Dig out your RSPB membership card - the sun’s out (sometimes) and it’s time to get out there under the treetops or along the waterways and enjoy the busiest time of year. 

Embrace nature on the bank holiday weekend – absolutely free! (Photo: Eleanor Bentall, rspb-images.com)

Your RSPB membership not only entitles you to 100 glorious pages of Nature’s Home magazine (full of seasonal sights, tips for everything from gardening to photography and all the latest stories from the wildlife world). 

It also gets you free access (and parking) to a network of over 200 nature reserves across the UK, where you can enjoy ‘nature as nature intended’. 

There’s a bank holiday coming up, too: Monday 7 May is the spring long weekend, and what better way to spend the gift of spare time? Let’s hope for a dry forecast, as there are some wonderful reserves just begging to be explored. Here’s just four…


Members should by now have your Summer issue of Nature’s Home, where on page 74 you’ll be able to see the glories of St Aidan’s, an oasis of nature just a few miles from central Leeds. Listen out for booming bitterns in the reedbeds and singing skylarks, hanging kite-like in the sky far above the chattersome flocks of black-headed gulls. Look out for grebes  doing their balletic courtship dance out on the water, too. 

Bittern over reedbeds. (Photo: John Bridges, rspb-images.com)


As featured in the last (Spring) issue, the RSPB reserves dotted around the shores of this south-coast estuary make the perfect day out. Local companies even run birdwatching cruises to see them all by water. It’s the only lapwing breeding site in Devon, and they and redshanks can be seen displaying over the fields. The sedge warblers should be showing up from Africa about now and are easy to spot here, and you might even spot a furtive little Cetti’s warbler (a relatively new arrival to our shores) if you’re keen of eye.  

Blue evening skies on the blooming shores of the Exe Estuary, Devon.



The Dorset coast is an incredible place for what I like to call a ‘beachy bimble’, boasting everything from fossil-filled cliffs to Victorian seafronts. All of which seem a world away from this remote-feeling corner of Poole Harbour, where a vast expanse of sandy heath runs down to quiet little bays. It’s a great habitat for reptiles, including adders that come out to bask in patches of sunshine, and rare sand lizards. The air is filled with birdsong - listen out for stonechats or the rare Dartford warbler singing from atop the gorse bushes. Also look out for seething wood ant nests; these clever colonists carefully ‘thatch’ their roofs with pine needles and leave litter, carefully angled to capture warmth from the spring sunshine - you can find out more about them on page 17 of your Summer issue of Nature’s Home!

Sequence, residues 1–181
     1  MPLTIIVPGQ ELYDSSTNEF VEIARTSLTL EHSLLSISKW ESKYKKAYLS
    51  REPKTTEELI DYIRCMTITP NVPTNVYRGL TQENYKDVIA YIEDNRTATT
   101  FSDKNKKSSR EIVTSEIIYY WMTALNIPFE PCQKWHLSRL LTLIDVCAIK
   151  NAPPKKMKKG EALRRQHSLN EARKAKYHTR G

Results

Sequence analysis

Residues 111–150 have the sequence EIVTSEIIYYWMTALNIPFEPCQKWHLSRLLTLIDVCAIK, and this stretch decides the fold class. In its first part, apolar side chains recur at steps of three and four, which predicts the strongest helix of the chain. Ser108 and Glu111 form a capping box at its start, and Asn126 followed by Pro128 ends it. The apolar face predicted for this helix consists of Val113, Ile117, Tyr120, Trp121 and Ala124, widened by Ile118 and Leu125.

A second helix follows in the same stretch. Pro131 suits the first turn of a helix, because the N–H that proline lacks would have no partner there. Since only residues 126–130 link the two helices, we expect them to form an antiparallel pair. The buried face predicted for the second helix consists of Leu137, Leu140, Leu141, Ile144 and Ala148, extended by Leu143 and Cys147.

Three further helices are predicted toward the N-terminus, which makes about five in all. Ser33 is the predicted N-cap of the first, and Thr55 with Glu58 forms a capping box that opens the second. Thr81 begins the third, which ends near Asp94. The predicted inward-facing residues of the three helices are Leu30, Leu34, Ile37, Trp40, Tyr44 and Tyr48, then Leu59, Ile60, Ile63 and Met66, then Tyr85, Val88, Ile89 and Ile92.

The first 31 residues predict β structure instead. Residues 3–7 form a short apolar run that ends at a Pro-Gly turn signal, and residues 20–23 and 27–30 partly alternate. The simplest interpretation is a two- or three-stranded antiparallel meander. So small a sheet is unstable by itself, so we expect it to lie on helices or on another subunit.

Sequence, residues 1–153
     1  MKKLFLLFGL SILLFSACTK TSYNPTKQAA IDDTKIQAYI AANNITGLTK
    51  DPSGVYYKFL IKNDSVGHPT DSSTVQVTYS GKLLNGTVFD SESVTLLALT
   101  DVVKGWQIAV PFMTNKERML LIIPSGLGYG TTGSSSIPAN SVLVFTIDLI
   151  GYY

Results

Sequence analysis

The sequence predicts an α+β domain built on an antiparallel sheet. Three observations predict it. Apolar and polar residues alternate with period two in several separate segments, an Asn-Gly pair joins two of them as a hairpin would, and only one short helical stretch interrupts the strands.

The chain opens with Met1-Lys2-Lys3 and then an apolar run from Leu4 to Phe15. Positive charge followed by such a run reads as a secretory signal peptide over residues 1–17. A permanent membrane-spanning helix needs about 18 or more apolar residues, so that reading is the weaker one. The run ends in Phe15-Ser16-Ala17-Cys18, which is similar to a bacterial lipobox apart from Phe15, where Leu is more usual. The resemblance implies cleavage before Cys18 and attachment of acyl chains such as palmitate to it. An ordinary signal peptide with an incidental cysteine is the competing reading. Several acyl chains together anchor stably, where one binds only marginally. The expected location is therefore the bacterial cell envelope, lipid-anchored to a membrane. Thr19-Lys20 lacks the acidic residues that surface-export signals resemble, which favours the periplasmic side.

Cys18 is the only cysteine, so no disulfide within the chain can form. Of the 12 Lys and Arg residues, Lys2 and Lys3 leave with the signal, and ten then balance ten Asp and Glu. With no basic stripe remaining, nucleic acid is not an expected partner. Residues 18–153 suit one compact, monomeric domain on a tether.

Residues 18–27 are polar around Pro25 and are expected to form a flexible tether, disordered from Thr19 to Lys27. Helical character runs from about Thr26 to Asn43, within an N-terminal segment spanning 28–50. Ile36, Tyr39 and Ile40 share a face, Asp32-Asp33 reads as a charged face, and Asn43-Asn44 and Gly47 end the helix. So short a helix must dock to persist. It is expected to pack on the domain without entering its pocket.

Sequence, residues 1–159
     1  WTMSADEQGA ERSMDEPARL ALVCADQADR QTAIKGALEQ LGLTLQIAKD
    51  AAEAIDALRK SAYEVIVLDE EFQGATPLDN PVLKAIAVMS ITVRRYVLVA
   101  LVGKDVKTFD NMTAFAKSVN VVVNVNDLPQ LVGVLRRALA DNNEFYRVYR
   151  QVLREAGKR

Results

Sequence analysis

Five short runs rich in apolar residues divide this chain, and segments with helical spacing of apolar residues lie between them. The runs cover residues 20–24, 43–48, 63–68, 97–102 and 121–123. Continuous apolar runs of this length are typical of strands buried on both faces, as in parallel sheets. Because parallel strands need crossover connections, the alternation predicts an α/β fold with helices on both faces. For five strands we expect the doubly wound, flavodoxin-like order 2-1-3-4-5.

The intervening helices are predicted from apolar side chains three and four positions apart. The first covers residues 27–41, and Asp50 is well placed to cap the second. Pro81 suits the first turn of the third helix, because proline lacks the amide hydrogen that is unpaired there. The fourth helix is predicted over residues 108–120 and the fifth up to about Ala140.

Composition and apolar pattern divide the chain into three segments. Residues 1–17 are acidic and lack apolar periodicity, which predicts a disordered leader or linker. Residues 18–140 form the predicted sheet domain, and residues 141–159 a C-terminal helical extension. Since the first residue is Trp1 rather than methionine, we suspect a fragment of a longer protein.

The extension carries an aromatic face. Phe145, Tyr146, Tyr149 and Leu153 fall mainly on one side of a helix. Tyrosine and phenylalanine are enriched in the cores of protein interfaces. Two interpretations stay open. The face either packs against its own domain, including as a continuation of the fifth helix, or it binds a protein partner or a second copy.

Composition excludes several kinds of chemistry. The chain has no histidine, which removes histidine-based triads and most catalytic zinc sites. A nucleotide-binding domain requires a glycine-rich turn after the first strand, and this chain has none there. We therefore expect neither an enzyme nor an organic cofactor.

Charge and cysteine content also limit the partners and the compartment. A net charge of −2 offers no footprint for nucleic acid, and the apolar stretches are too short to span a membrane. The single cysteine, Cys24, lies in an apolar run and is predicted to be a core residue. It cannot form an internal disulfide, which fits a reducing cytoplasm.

I took this snap at Arne during the first week of May last year. That's Corfe Castle in the background! 



This ancient forested wilderness nestled around the shores of a Scottish loch is magical place at the best of times; its clear air scented with ancient pines rising up the slopes of fells. But the spring wildlife makes for an unforgettable day out: visitors flock to watch ospreys nesting via the nestcams at the Osprey Centre, while you can also look out for some of Scotland’s star wildlife: crested tits amid the branches, capercaillie along the forest trails and Scottish crossbills in the pine canopies. The latter often nest early, so you may even see some chicks about now. Red squirrels will be nesting, too. 

Be an osprey! There's lots to see, do and learn at RSPB Loch Garten. (Photo: Niall Benvie, rspb-images.com)


Wherever you are though, you won’t need to travel miles to enjoy the best of Britain’s spring wildlife – absolutely free! Check out our reserves finder to find one near you, grab your RSPB membership card (and possibly a camera and a picnic), and enjoy the glories of spring! 

Share your spring sights with us: email us at Nature's Home magazine, or log in to comment below.


  • Unfortunately there is only Coquet Island as an RSPB reserve, in Northumberland, County Durham or Tyne and Wear and no landings allowed. I’ve been an RSPB member since 1974 and now a Life Member. I was born in 1952 and I’ll be 66 in May 2018. I’m beginning to wonder if I’ll ever see any more RSPB reserves in those 3 county’s of which I live, in my lifetime.